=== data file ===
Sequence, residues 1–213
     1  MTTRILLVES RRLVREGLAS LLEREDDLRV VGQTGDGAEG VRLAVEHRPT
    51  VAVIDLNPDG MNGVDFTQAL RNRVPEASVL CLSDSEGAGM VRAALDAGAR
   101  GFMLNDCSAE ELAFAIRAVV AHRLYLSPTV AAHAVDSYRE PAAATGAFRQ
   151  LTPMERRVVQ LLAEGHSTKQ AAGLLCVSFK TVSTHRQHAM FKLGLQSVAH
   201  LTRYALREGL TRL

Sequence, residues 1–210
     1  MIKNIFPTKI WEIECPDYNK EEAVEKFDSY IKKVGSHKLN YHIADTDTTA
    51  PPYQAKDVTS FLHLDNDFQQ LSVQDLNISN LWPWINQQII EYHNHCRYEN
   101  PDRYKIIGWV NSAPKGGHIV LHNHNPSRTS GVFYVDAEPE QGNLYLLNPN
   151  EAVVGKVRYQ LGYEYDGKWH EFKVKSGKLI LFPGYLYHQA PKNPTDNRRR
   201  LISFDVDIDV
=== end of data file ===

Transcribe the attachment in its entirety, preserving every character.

Sequence, residues 1–213
     1  MTTRILLVES RRLVREGLAS LLEREDDLRV VGQTGDGAEG VRLAVEHRPT
    51  VAVIDLNPDG MNGVDFTQAL RNRVPEASVL CLSDSEGAGM VRAALDAGAR
   101  GFMLNDCSAE ELAFAIRAVV AHRLYLSPTV AAHAVDSYRE PAAATGAFRQ
   151  LTPMERRVVQ LLAEGHSTKQ AAGLLCVSFK TVSTHRQHAM FKLGLQSVAH
   201  LTRYALREGL TRL

Sequence, residues 1–210
     1  MIKNIFPTKI WEIECPDYNK EEAVEKFDSY IKKVGSHKLN YHIADTDTTA
    51  PPYQAKDVTS FLHLDNDFQQ LSVQDLNISN LWPWINQQII EYHNHCRYEN
   101  PDRYKIIGWV NSAPKGGHIV LHNHNPSRTS GVFYVDAEPE QGNLYLLNPN
   151  EAVVGKVRYQ LGYEYDGKWH EFKVKSGKLI LFPGYLYHQA PKNPTDNRRR
   201  LISFDVDIDV